City of Aspen on right track with utility rate hikes
The city of Aspen is proposing to raise rates for electricity and water for all the right reasons: to boost our use of renewable energy and encourage conservation by penalizing energy and water hogs.Since its first hydroelectric plant was built in the 1880s, Aspen has been a leader in energy efficiency and renewable energy. It’s a tradition that residents and community leaders have backed for as long as anyone can remember.The latest proposal – to hike Aspen’s electric rates for the first time in 12 years and electric rates for the first time in 17 years – represents another step toward a sustainable and environmentally responsible future.Currently, 57 percent of Aspen’s electricity comes from renewable sources like water and wind; the remainder comes from coal-fired plants. Additional collections from the proposed rate increase would allow the city to boost its percentage of green power, an appropriate move for a municipality that depends on clean air, clean water and ample snowfall unimpeded by global warming to support its economy and the lifestyles of its residents.The council has only preliminarily endorsed the rate increases. The public will have its chance to speak on the matter in the coming weeks and, if formally approved, the new rates would go into effect in January.Fortunately, the contemplated increases will not break the bank for most Aspenites. The average residential user’s monthly electric bill would jump from $50.23 to $52.23 (based on 700 kilowatt hours), while a typical large commercial user’s bill would increase from $1,409 to anywhere from $1,460 to $1,720 (based on 20,000 kilowatt hours); under the new system businesses would be encouraged to use the bulk of their power in off-peak periods, when demand isn’t as high and it’s cheaper for the city to provide power.Water rates would jump more steeply, but the increase would be phased over several years. This will give consumers plenty of time to change their habits and reduce their water consumption, perhaps even offsetting the rate hikes.Nobody likes to pay more money for water and power, but these rate increases come after a long period of reasonable, stable rates. This is sensible policy with the laudable social aim of responsible, conservative use of natural resources.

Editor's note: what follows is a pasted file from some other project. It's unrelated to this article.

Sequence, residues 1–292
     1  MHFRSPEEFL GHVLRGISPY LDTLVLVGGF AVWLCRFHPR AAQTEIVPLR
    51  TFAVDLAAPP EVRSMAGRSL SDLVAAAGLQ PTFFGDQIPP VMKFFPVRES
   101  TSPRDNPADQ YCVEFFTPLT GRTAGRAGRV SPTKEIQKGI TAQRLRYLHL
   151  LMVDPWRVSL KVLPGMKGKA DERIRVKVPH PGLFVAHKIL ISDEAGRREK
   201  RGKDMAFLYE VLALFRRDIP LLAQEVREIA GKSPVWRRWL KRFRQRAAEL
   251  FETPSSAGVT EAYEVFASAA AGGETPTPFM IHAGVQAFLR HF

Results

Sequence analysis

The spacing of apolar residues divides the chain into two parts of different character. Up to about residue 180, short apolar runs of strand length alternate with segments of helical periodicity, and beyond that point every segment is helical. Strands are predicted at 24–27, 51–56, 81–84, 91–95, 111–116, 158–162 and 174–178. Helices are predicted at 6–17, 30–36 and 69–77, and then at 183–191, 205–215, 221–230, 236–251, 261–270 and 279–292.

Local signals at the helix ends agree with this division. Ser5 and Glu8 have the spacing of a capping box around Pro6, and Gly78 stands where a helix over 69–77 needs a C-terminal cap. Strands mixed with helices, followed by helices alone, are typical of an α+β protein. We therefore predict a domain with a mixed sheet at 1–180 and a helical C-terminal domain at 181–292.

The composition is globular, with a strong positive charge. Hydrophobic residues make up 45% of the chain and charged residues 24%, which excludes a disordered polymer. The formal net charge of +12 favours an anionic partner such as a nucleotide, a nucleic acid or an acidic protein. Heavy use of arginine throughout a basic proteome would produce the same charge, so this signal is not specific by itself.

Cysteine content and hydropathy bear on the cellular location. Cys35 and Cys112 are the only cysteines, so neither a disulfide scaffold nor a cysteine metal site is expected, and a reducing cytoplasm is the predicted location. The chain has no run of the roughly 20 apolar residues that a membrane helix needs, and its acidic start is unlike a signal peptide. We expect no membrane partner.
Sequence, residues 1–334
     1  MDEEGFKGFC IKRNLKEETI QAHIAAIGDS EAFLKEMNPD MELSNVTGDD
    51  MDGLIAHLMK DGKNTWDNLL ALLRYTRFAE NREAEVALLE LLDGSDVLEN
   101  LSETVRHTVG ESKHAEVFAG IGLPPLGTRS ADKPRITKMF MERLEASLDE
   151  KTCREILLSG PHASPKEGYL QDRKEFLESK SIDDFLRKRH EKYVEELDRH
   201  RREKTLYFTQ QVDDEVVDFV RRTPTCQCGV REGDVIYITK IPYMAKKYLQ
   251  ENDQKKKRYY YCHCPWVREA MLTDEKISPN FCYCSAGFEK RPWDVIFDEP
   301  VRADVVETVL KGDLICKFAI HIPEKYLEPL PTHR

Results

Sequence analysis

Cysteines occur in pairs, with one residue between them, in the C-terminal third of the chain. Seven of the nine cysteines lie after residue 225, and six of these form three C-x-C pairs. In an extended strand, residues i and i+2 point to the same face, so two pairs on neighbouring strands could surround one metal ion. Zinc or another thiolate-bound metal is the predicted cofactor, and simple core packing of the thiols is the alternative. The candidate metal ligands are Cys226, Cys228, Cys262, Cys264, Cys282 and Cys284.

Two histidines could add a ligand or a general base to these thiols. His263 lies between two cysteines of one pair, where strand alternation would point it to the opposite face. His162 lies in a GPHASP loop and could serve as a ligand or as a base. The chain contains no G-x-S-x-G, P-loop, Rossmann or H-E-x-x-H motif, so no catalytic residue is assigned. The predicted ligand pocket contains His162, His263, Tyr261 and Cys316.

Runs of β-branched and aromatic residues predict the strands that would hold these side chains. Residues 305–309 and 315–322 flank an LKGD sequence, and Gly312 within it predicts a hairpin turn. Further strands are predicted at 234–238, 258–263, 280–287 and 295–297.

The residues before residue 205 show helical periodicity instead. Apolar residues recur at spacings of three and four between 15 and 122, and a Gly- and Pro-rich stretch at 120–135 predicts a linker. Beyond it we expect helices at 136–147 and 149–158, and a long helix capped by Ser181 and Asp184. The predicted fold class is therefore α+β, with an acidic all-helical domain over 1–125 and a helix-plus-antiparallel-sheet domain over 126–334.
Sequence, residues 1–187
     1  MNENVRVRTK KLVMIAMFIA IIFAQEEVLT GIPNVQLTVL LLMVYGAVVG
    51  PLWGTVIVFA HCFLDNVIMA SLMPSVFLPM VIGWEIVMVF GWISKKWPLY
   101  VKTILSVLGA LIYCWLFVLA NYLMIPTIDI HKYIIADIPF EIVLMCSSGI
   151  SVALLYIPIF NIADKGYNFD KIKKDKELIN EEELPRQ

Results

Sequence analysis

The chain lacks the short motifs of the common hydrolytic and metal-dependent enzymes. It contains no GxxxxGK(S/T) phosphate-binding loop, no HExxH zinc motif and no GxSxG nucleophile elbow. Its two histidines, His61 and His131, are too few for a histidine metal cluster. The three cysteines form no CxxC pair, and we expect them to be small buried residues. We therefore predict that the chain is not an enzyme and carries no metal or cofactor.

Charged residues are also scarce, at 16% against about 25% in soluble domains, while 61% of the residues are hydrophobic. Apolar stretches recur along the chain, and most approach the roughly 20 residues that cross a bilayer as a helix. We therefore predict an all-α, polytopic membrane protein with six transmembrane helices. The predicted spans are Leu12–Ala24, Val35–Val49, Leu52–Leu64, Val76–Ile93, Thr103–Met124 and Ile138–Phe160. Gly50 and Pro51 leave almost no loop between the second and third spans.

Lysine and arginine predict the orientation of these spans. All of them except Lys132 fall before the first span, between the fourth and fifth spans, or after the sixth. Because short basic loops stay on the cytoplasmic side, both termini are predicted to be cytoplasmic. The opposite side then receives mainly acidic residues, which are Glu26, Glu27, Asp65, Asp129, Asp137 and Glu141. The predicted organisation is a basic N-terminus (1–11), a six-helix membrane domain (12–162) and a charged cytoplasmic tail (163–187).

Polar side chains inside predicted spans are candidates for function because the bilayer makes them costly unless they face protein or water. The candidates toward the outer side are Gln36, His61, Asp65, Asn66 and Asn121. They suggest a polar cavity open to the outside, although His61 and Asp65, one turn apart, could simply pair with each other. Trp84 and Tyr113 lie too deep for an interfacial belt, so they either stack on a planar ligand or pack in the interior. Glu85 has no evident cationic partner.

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I try to remember to give thanks every day I spend outside, whether it be floating the Colorado or Roaring Fork, fishing an epic dry fly hatch on the Fryingpan, or teasing up tiny brook trout on a remote lake or stream. We’re spoiled rotten here, so it’s easy to be thankful.